And now that you mention it, yeah…there’s definitely a swashbuckling vibe running through books like this.

      ‘A Far Cry from Kensington’ sounds interesting. Too bad it doesn’t seem to be available as an ebook so I could give it a try sometime 😦

  2. lwsapir

    I have never read any of these books, but they sound fascinating. Like James Bond…in outer space, with a dash of hallucinogens thrown in.

    Currently I am reading On Basilisk Station by David Weber…per your recommendation, of course!

    1. Mike Schulenberg Post author

      They’re pretty far from being the most amazing books I’ve ever read. But they give me a warm fuzzy because I liked them so much when I was young, and they don’t do anything to ruin that. I’ve reread some stuff I liked when I was a kid and it was like, “Oh, wow…what did I ever see in this stuff?”

      On Basilisk Station…interesting choice. Later volumes in the series have been letting me down in a lot of ways, but I remember liking that one quite a bit. Nimitz is like a cat turned up to 11 😉

          1. lwsapir

            That is rumored to be part of a secret 5th book that is in the works… That, and she files for divorce from her bossy buzz-kill of a husband.

          2. lwsapir

            My Little Ponies are incredibly dangerous. We had one prowling the neighborhood for a while. It had fangs. Reportedly, it ate a dachshund.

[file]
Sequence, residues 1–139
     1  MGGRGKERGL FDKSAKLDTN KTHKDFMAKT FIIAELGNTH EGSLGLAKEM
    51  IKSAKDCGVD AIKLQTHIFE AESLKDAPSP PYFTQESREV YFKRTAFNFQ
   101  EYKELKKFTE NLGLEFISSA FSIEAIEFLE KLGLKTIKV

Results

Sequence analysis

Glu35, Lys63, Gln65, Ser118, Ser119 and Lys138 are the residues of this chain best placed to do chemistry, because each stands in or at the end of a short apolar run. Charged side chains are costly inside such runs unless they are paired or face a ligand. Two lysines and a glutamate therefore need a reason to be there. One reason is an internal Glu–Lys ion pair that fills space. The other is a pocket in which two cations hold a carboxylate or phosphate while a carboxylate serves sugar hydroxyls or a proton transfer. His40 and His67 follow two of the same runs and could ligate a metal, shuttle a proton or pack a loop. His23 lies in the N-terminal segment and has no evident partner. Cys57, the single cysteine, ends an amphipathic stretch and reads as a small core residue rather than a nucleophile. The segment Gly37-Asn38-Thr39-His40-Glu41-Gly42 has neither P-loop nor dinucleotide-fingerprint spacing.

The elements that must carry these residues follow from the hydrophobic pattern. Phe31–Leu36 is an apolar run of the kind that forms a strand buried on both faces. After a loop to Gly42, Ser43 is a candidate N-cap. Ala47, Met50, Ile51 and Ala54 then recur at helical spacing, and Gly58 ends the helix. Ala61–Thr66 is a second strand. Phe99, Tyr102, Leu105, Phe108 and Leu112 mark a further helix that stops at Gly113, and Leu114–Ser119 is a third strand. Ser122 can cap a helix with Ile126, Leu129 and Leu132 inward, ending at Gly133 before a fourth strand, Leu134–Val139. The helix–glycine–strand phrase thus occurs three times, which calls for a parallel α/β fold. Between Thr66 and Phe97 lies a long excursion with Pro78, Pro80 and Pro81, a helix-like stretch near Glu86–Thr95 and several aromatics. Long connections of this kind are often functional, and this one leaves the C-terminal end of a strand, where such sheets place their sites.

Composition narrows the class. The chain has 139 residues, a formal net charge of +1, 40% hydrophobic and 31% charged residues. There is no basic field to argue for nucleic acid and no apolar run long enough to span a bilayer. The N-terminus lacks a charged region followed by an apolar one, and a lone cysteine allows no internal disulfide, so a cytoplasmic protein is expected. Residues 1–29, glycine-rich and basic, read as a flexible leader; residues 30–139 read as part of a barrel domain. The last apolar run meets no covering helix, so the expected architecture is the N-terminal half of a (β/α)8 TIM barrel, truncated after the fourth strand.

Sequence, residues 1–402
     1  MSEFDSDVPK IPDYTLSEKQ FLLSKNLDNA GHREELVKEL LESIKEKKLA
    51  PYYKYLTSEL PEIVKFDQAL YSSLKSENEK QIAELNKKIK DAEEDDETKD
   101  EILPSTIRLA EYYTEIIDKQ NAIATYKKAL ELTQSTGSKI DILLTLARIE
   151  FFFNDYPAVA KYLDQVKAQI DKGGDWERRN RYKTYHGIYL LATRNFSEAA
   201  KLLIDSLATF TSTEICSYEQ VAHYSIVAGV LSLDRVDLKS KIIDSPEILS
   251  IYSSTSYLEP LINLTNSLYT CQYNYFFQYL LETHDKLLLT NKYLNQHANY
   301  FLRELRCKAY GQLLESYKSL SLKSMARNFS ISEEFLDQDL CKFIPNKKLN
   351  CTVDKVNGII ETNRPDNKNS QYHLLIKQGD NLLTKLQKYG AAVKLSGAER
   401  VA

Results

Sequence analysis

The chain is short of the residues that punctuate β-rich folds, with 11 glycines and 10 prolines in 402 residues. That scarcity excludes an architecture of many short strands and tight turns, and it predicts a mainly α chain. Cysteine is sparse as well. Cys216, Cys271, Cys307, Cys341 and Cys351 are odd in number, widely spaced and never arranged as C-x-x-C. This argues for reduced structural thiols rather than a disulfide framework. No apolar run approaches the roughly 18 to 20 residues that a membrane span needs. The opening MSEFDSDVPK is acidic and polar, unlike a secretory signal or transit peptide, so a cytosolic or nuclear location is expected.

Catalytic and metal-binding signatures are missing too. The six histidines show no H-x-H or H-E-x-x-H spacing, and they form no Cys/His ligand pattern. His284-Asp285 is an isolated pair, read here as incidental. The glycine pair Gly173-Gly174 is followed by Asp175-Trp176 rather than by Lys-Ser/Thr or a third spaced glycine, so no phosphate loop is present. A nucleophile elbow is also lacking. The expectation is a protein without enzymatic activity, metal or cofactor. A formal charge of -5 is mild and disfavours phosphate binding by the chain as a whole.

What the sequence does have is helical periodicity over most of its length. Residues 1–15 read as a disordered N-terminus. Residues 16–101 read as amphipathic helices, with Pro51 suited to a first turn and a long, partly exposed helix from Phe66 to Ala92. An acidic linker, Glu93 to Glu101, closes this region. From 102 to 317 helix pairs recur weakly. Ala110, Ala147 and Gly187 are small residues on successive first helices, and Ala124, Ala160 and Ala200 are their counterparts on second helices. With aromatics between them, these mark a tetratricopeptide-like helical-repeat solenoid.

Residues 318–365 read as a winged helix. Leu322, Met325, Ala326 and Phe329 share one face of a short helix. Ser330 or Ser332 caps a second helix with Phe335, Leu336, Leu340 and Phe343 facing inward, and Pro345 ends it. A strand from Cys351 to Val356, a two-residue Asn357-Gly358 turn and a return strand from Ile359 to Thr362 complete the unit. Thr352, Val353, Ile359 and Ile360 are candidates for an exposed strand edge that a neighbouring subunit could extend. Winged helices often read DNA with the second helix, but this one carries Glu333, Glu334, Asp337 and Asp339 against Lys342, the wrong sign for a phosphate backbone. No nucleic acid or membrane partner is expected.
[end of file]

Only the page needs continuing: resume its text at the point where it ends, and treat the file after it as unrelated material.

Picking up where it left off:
3. Lara Schiffbauer

    Have you ever read the Amber Chronicles by Roger Zelazney? I started it, and am interested, but it is kind of hard to get past the dated writing. Is that a problem for you, reading the Dray Prescott series?

    1. Mike Schulenberg Post author

      I’ve actually never read any Roger Zelazney. I always meant to because I would always see his books everywhere, but somehow I never got around to trying any of them.

      Yeah, the Prescot series certainly is no showcase for modern writing. I usually don’t mind dated writing. I just try to go with it and appreciate it for what it is–a product of its time. Although, that gets much harder when we get into the realm of the literary stuff they make you read in English class 🙂

  4. Kirsten

    I am intrigued by this, and will have to check it out. I am curious how writing styles might have changed over the decades, reflecting perhaps the changing tastes and priorities of our culture. Or not.

    I just finished reading ‘Debris’ by Jo Anderton–who is a debut author over at Angry Robot. I was fortunate enough to win a signed copy in a blog contest. (Have I mentioned how much I love blogging?! Free stuff!)
    I loved the world building in this story, both sumptuous and stark at intervals. The story has it all, stunning setting, sinister undercurrents, strange symbols, steam pouring from the cracks in the streets, as well as sizzling romance interludes. All without an extra limb in sight! So, in summary, I loved it.
    In the nonfiction department of my reading, I’m devouring ‘The Sixties’ by Jenny Diski, a combination of her personal memories combined with the historical perspective of a young woman growing up in London during that turbulent decade. I was especially pleased with her assertion that the best thing to come out of that decade was the music. It tied in nicely with the theme for my WIP. 🙂